Responsibilities of the Coroner Division
The responsibilities of the Coroner Division are complex. By state law it is the responsibility of the Coroner Division to inquire into and determine the circumstances, manner and cause of deaths (COD) which fall within its jurisdiction. These deaths include any suspected homicide, suicide, or accidental deaths. These also include any natural death were there either is no physician to sign a death certificate, or the physician is legally prohibited from doing so. Additionally, other certain causes of death are also mandated to be investigated.
The manner and COD inquiries may require reviews of medical records, interviews with family members or witnesses, and postmortem examinations. The forensic pathologists (FP) are doctors specifically trained in forensic pathology. The FP’s perform autopsies, collect evidence, bodily fluids and tissue for toxicology testing and microscopic study. Upon completion of these tests the FP’s analyze the results to determine COD. The COD is used to complete the decedent’s death certificate. Evidence collected during autopsies and at the scene of the death can be used for criminal prosecution as well as determining COD. FP’s are frequently called to court to testify as to the results of these examinations. The coroner division is constantly on alert for deaths which may pose a threat to public health from communicable disease or through product liability.
The coroner division’s responsibilities also include the identification of decedents. Identification may be as simple as matching the decedent to a driver’s license or other identification documents. The identification process may need to utilize fingerprints, dental records, body x-rays or DNA testing. Identifying the decedent’s next of kin, notifying them of the death and securing the decedent’s personal property are additional responsibilities of the department. In deaths where the decedent died at scene, deputy coroner investigators (DCI) are responsible for removal and transportation of the decedent. DCI’s will also obtain information from family, friends, and public safety personnel regarding the terminal episode. The DCI’s serve as the eyes, ears, and hands of the FP’s in the field. The coroner division works with numerous medical and law enforcement agencies to understand how these people lost their lives, to seek justice, and bring closure to families.
Pending Death Certificate
After performing an autopsy, the forensic pathologist (FP) can issue a “pending” cause of death (COD) and “pending investigation” manner of death. A death certificate (DC) listing “pending” will be issued by the Department of Public Health (DPH).
After the FP completes the autopsy protocol (AP) report, the DC will be amended by DPH to reflect the official COD and manner of death. This process can take three to six months, and sometime even longer, due to the complexity of investigation, toxicology reports, histology reports and other testing and / or investigations that may be necessary to determine COD.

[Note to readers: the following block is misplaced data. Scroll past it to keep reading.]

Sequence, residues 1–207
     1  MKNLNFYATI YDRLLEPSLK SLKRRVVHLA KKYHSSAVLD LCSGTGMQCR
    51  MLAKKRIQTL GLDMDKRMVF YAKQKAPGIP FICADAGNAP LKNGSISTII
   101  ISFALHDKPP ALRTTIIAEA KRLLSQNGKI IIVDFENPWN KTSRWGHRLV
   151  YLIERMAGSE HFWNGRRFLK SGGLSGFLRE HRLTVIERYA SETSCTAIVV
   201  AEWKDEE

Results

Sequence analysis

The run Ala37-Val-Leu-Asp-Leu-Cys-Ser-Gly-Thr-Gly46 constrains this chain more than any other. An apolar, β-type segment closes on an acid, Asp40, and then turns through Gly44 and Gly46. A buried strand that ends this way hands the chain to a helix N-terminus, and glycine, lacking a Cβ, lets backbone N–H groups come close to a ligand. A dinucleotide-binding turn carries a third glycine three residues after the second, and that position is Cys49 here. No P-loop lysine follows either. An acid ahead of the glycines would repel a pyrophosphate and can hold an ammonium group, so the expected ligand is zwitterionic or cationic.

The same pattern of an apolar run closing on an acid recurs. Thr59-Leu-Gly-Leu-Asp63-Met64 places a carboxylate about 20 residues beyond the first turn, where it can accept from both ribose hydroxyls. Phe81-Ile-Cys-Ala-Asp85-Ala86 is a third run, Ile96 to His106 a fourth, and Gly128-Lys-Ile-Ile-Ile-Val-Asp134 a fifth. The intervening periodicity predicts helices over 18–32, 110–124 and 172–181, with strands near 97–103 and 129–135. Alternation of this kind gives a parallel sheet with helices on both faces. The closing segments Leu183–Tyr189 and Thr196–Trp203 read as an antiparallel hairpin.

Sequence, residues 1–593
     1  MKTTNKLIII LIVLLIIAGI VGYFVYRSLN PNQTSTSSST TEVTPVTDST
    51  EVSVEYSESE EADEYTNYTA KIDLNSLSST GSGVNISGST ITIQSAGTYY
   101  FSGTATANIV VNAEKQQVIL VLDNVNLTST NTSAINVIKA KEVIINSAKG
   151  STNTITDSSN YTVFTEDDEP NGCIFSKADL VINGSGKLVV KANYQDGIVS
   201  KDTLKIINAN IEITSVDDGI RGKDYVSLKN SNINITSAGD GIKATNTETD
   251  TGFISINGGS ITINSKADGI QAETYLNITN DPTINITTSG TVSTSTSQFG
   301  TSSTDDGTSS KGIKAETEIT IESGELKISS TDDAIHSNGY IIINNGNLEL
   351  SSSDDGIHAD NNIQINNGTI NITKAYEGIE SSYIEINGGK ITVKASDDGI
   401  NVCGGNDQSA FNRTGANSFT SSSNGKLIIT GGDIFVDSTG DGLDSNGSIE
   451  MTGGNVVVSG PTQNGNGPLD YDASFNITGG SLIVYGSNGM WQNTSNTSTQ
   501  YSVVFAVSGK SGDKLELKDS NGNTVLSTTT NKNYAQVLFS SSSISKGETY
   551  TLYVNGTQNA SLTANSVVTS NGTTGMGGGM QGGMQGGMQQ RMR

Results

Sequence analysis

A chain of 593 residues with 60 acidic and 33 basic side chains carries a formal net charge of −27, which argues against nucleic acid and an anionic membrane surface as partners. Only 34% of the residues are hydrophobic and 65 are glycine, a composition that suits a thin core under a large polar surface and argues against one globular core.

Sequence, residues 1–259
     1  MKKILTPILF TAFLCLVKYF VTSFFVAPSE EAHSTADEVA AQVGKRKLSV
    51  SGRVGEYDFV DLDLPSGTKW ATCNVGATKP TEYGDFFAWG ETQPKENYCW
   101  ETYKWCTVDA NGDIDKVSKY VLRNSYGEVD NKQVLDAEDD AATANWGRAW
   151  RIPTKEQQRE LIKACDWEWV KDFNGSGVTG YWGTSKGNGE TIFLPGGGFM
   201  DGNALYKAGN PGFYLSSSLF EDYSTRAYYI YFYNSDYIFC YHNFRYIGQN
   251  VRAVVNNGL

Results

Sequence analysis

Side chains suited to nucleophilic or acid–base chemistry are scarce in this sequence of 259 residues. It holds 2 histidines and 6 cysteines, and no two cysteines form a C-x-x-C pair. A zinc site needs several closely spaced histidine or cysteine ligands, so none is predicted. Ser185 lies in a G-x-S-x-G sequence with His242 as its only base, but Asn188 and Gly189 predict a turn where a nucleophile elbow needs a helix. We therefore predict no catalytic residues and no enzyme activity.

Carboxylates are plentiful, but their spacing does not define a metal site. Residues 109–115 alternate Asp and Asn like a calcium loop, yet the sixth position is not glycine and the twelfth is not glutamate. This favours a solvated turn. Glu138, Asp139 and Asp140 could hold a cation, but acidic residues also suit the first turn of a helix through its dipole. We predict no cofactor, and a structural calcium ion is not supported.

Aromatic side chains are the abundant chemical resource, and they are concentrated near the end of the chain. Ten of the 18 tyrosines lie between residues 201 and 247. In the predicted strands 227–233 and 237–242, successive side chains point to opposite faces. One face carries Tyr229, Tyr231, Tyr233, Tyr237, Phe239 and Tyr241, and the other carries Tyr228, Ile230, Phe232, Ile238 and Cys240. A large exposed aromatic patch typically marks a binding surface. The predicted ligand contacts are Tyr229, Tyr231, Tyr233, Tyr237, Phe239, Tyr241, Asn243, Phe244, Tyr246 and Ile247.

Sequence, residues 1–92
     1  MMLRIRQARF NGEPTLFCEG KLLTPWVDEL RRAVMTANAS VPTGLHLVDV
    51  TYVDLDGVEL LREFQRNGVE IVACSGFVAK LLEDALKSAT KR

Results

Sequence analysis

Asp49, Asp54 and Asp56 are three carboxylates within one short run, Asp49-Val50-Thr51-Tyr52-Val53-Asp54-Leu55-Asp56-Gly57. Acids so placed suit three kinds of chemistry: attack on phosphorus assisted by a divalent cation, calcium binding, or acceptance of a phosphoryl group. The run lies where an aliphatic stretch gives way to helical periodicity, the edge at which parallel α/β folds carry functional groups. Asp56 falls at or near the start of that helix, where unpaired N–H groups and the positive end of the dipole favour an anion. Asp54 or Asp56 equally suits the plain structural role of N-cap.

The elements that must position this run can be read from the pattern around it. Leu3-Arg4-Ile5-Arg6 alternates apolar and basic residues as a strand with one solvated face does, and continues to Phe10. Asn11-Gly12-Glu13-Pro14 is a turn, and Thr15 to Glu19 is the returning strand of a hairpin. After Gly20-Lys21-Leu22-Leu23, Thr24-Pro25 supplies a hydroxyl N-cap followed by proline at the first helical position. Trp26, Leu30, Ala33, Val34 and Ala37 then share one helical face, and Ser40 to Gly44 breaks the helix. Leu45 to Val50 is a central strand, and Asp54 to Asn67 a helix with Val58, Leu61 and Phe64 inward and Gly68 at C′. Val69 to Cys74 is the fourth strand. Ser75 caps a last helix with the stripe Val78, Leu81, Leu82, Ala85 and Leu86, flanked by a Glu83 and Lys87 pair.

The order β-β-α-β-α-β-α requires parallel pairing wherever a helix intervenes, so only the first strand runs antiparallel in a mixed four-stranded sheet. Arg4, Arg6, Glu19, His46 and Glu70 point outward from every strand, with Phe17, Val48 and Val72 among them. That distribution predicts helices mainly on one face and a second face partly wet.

Copies of DC’s are often needed to make insurance claims, collect pension benefits, transfer titles and to complete other official financial business. A pending DC can be used as proof of death. Some institutions will consider the pending COD document sufficient to complete certain transactions, such as closing accounts. However, many institutions (such as insurance companies) may not accept a pending DC and will require the official COD.
Answer: The following is a list of the deaths the Coroner Division is required by law to investigate:
- Unattended deaths. (No physician in attendance or during the continued absence of the attending physician.
- Wherein the deceased has not been attended by a physician in the 20 days prior to death.
- Physician unable to state the cause of death. (Unwillingness does not apply.)
- Known or suspected homicide.
- Known or suspected suicide.
- Involving any criminal action or suspicion of criminal act.
- Related to or following known or suspected self-induced or criminal abortion.
- Associated with a known or alleged rape or crime against nature.
- Following an accident or injury (primary or contributory). Deaths unknown or suspected which resulted in whole or in part from a related accident or injury, either old or recent.
- Drowning, fire, hanging, gunshot, stabbing, cutting, starvation, exposure, acute alcoholism, drug addiction, strangulation or aspiration.
- Accidental poisoning. (Food, chemical, drug, therapeutic agents.)
- Occupational diseases or occupational hazards.
- Known or suspected contagious disease and constituting a public hazard.
- All deaths in operating rooms and all deaths where a patient has not fully recovered from an anesthetic, whether in surgery, recovery room or elsewhere.
- In prison or while under sentence.
- All deaths of unidentified persons.
- Suspected sudden infant death syndrome (crib deaths).
- All deaths of state hospital patients.